Tuesday, April 22, 2008

M'Eye Ball

I don't hate my eyeball. I don't think I ever have. I have always enjoyed my eyeball. Lately, every morning I wake up and in my left eyeball, I see lots of black spots in the morning light. A few minutes later, most of the black spots seem to go away, but one always stays right in the middle. I think there are more spots when I wake up now than there were a few days ago. It looks like a dirty movie projector or scratches on a microscope. I only worried about it passingly until today. Today I woke up and my left eye had black spots all over it. They went away pretty quickly and now I only see the really small one right in the middle when I look at white things like the ceiling.

I thought, "maybe I will have to get a glass eye. Maybe they will take my eyeball out and put a patch on it, and I will look like a pirate, and everyone will think it's sexy and cool until I take the eye patch off and they see how gross my eye socket looks without an eyeball in it."

Then I thought, "I am quite young; they can't start taking pieces off of me yet." But Othello started saying, "what fantasy-land are you living in?" And Mr. T. said, "your twenties are almost over!" And for the first time I said to myself, "your twenties are almost over."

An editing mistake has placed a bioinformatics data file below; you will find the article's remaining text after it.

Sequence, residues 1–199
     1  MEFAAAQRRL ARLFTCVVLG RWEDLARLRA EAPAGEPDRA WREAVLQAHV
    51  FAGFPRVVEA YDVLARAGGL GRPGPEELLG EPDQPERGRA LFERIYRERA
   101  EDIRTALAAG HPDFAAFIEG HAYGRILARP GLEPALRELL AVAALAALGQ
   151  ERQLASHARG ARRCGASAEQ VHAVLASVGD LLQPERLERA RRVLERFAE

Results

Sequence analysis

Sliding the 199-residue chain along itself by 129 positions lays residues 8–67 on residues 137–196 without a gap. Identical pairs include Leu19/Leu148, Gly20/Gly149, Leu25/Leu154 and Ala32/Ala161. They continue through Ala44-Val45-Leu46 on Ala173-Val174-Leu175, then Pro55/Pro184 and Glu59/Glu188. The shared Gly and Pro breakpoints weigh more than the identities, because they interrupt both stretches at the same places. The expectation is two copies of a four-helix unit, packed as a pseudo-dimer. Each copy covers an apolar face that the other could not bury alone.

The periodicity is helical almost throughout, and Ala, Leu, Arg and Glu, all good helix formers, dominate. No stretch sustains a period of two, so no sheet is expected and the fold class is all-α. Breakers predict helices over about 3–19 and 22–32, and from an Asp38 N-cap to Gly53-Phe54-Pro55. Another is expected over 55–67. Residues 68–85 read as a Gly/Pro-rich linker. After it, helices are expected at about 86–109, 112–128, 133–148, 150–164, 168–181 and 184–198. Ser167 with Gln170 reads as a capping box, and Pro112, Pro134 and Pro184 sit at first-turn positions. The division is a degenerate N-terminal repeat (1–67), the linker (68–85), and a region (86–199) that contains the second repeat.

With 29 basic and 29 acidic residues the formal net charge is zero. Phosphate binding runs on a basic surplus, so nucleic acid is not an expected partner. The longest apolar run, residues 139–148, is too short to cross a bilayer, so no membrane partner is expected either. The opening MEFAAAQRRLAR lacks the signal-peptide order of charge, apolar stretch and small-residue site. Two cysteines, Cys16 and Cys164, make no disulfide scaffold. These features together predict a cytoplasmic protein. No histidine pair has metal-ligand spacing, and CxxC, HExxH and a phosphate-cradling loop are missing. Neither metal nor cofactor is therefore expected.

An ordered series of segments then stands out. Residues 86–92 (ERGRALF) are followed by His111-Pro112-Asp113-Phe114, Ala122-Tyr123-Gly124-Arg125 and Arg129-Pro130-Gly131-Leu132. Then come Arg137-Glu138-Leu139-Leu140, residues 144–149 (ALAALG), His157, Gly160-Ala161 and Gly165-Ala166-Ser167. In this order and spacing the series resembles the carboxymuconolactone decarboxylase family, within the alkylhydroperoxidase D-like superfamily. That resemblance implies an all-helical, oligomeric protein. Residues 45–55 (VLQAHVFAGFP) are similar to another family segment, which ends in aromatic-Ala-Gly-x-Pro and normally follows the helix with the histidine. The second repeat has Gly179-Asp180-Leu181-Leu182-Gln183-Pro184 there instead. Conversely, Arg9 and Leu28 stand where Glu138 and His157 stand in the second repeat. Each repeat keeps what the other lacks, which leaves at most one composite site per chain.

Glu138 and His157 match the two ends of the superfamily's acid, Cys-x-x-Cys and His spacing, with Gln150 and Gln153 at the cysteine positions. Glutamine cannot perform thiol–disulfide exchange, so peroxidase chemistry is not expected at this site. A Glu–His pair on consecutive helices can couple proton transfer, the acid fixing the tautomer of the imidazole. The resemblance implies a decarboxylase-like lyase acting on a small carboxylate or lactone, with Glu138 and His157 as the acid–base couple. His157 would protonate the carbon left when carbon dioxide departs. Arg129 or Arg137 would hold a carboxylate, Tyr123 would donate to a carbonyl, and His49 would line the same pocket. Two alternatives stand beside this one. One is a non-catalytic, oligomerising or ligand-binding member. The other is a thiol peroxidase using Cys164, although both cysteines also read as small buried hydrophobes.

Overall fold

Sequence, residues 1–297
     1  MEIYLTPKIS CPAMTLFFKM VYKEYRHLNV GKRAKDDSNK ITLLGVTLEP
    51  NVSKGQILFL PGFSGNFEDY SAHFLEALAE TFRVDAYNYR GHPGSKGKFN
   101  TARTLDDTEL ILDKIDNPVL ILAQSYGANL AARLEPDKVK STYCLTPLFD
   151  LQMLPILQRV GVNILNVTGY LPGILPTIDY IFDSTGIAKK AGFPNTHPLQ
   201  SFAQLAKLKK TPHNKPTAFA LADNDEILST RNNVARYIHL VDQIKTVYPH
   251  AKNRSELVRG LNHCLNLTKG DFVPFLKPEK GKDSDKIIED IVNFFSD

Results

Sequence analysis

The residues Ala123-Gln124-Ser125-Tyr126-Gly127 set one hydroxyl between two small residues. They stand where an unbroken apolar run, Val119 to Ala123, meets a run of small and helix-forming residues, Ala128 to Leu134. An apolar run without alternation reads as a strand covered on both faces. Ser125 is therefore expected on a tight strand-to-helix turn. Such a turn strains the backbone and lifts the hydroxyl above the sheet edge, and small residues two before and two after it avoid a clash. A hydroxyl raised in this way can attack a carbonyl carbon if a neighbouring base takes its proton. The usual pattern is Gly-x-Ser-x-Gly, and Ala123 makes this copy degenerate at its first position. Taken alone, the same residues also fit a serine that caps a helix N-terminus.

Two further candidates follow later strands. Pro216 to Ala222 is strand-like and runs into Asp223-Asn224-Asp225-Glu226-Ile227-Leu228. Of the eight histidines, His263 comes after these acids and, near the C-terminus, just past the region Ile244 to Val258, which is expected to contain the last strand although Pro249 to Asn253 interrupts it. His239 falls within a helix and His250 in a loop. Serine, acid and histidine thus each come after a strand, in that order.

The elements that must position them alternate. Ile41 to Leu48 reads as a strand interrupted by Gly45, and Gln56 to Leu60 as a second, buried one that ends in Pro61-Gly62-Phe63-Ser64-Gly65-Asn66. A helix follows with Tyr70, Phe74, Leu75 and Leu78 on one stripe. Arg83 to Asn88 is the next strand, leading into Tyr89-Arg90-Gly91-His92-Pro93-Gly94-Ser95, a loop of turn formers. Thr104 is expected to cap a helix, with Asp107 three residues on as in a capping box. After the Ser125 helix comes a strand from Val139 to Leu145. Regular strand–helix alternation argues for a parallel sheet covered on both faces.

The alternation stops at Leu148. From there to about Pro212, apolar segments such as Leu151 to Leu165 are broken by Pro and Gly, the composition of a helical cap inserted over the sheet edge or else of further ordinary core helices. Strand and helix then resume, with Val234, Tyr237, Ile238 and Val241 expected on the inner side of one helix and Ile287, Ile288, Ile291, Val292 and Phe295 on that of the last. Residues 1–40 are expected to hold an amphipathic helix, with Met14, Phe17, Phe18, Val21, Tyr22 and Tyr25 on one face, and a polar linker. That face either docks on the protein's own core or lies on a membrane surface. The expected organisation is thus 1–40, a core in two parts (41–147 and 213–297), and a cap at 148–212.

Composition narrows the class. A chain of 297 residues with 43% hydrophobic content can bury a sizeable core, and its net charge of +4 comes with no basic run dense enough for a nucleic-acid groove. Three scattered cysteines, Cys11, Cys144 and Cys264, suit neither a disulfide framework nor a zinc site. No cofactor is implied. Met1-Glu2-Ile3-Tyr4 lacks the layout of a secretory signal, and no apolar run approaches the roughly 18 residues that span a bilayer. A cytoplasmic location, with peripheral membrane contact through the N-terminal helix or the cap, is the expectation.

I don't mind the passing of my twenties. I have lived fast and loose, and I don't see any signs of slowing down or anything. I would like to slow down, but that doesn't seem to be the person I am. It's weird to look back on some of your life and see that you aren't the person who you've become but the person you always were and never noticed. Like you don't become a person but become aware of the person who always was, the person lurking behind the meanderings of youth, those twists that we think are making us, like a doleful lion or a curious squirrel, waiting for the perfect moment to slowly emerge from the bushes into the light. But I will miss my eyeball.

I am afraid of eyeball surgery. The pain that must result from someone slicing your cornea doesn't register, but the whole idea of a knife tearing my windows ope is just too much for me to think about, so I won't consider going to an ophthalmologist until it's so bad that they only have one choice: take it out. I will miss you, old blue. You've seen so much, and I will witness only half as much after you're gone. Please don't think I hate you. It will happen quickly; you won't even notice you're gone.

Last night, before we went to the burlesque show at the Uptown, which was particularly hilarious last night, I do say, I met a woman I have known for a short while and had to look at her differently for a moment. We haven't really spoken all that much because she is always surrounded by men who vie for her attentions. But she came to me while I was alone, and we spoke a few words, and I thought, "now I get it." Her eyes shone in the dim lights like lamps in dark jewelry shops or the shivering points of nighttime cities in the rain.

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